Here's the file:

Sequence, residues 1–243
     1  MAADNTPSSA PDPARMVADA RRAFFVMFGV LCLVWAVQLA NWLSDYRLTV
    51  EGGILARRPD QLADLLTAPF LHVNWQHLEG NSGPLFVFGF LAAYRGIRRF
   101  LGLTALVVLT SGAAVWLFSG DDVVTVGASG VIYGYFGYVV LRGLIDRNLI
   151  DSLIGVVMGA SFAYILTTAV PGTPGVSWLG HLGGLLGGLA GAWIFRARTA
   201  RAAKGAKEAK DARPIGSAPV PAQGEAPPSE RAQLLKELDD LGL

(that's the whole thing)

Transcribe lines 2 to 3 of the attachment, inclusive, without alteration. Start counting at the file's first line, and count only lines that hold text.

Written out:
     1  MAADNTPSSA PDPARMVADA RRAFFVMFGV LCLVWAVQLA NWLSDYRLTV
    51  EGGILARRPD QLADLLTAPF LHVNWQHLEG NSGPLFVFGF LAAYRGIRRF